Plastic Fuel & It's Future


The @Altitude Team has connected with Irish company Cynar Plc a pioneering technology provider which has development the first commercially-viable plastic-to-diesel fuel conversion.

This fuel comes from end of life plastics that cannot be recycled and would otherwise go to landfill or find itself in the oceans, which then inevitably finds itself in the numerous gyres that now are deplorably tagged as the great garbage patches or trash vortex. The largest patch is the Great Pacific Garbage Patch, a mire of plastic waste spanning 15 million square kilometres. If it were a country, it would be twice the size of Australia. Another garbage patch chokes the Atlantic Ocean, and another the Indian.

This unique Cynar technology converts mixed non-recyclable plastic waste into synthetic fuels that are cleaner, low in sulphur and in the case of the diesel, a higher cetane than generic diesel fuel. The key elements of the technology involves pyrolysis and distillation.

The pyrolysis process is the heating of the plastics in an oxygen-free environment to prevent them from burning, which is broken into the component hydrocarbons to create the equivalent of a petroleum distillate. This can then be separated into different fuels. As there is no burning of the plastics, but rather a melting process, there are no toxic emissions released into the environment.

The carbon footprint of the process is far smaller than traditional fuel production. Thus neatly fitting within the carbon footprint debate of aiming to be carbon neutral (Note: Australia being the first to ratify the carbon tax). The fact that the plastics are sourced from waste management companies is also environmentally friendly as is the diversion of plastics from landfill.

While it’s a technical marvel, the fuel has never been tested in the air. Jeremy will be the first to fly ‘on wings of waste’.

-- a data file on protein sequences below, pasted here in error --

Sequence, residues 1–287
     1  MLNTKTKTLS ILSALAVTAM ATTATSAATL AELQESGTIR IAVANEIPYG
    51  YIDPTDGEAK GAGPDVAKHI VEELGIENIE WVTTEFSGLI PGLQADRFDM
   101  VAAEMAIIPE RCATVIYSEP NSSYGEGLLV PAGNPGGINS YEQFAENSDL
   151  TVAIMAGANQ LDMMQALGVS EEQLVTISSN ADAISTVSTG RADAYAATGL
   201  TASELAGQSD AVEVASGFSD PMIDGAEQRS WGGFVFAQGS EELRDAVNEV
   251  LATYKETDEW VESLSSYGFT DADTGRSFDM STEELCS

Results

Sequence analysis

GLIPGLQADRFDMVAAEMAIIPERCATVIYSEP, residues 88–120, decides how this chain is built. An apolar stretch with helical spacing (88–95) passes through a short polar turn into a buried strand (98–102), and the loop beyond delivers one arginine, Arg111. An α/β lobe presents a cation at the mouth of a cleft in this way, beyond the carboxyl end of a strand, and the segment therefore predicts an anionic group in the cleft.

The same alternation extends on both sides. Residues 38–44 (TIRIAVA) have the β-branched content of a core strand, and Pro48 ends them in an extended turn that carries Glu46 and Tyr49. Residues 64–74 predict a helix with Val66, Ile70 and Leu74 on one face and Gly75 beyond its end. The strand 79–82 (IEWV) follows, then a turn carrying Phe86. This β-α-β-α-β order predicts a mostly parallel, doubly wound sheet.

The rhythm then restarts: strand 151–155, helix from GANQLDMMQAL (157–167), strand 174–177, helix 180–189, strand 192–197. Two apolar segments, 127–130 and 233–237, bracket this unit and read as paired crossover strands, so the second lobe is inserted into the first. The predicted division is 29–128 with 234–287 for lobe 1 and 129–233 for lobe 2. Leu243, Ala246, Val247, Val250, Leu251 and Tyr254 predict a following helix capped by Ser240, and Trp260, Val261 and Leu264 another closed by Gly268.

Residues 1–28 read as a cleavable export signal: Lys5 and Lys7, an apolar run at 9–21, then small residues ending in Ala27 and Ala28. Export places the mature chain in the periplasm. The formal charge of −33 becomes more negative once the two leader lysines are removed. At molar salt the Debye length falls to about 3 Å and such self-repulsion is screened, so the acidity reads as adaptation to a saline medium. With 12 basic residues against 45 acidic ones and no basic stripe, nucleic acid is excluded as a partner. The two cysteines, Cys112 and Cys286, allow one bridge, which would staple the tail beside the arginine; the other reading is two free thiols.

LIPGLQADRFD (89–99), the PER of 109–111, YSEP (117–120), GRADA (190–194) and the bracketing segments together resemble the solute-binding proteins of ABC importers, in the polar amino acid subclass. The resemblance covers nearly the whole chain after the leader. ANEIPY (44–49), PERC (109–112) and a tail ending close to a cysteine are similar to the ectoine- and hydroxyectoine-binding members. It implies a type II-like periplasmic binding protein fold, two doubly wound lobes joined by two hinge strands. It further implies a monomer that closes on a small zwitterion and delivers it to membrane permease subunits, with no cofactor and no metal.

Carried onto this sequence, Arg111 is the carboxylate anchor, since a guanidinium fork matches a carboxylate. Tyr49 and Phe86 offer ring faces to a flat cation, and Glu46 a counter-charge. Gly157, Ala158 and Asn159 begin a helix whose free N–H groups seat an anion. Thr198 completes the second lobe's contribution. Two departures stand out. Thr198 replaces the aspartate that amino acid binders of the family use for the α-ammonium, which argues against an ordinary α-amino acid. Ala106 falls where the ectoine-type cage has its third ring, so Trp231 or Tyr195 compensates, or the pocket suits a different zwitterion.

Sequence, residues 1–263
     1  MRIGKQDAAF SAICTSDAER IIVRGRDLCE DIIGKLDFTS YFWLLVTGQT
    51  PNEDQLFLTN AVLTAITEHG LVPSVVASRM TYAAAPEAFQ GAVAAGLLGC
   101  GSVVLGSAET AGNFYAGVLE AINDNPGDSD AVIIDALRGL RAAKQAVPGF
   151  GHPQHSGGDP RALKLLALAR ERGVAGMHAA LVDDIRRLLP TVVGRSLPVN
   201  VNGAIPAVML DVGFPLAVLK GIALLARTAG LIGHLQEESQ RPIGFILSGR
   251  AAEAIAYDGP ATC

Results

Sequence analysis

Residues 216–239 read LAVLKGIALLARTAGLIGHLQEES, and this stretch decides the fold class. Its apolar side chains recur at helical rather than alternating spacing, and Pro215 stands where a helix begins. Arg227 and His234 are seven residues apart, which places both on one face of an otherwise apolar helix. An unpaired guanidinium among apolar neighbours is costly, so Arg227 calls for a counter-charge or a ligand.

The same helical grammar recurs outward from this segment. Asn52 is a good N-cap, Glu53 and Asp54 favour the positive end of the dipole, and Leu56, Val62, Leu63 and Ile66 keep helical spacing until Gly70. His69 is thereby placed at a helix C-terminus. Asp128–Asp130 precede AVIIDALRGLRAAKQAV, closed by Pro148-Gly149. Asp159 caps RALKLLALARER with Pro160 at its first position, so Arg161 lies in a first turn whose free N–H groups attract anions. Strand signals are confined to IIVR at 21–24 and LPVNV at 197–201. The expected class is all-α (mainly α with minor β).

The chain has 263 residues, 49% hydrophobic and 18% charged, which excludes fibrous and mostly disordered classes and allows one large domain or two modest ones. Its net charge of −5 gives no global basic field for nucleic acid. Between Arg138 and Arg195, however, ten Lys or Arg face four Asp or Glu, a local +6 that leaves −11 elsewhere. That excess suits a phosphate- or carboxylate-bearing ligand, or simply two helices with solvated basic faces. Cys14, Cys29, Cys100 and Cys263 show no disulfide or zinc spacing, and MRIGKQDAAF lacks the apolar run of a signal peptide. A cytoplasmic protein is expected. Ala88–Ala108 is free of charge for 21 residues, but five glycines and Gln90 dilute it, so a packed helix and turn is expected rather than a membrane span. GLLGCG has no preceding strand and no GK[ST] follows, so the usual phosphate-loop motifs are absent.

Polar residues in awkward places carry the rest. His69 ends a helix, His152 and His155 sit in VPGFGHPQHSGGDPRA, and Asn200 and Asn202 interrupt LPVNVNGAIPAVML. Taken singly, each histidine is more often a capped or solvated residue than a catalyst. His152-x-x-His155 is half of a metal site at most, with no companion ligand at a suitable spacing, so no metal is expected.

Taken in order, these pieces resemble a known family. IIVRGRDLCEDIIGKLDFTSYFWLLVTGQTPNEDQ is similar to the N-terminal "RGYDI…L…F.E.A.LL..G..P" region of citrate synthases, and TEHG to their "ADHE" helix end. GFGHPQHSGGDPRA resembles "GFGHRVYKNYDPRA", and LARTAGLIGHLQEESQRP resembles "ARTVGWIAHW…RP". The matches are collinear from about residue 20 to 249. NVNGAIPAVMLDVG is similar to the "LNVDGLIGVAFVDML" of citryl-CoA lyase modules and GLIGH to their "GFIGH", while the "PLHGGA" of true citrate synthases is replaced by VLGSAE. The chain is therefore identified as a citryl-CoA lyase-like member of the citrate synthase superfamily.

• Plastic takes 100 years to degrade, which means that every single piece we have not recycled still exists.
  • Planet earth is defiantly not short of landfill and ocean end-of-life plastic debris.
  • The pyrolysis process is able to recycle the carbon (that would otherwise reside in landfills or in the oceans), thus massive reduction in carbon dioxide emissions.
  • The end of life plastics can be recycled to 100%: 95% usable for diesel fuel, the remaining 5% is char (the solid material that remains) is given a second life and can be used in creating various floor coverings.
  • The extrusion of the plastic fuel is required to go through a final refining process to bring it up to par for aviation diesel (this precious fuel can in effect run a GA fleet).
  • This waste fuel can compete with the billions of barrels of fuel being produced every day around the globe. The world has stocks of landfills of plastic, industries and consumers dictate the need and use of a plethora of plastics, thus there will always be synthetic fuel reserves.
  • The synthetic recyclable fuel, when used in vehicles, burns more effectively, which significantly indicates this is the fuel for the future, equalling a cleaner fuel for the planet.
  • For the 4000L of plastic fuel that @Altitude’s On Wings of Waste first ‘high wire’ flight will require to consume, approximately five tonnes of waste plastic will be required. Just image the clean up process of our gorgeous plant yet also being able to fuel various vehicles globally.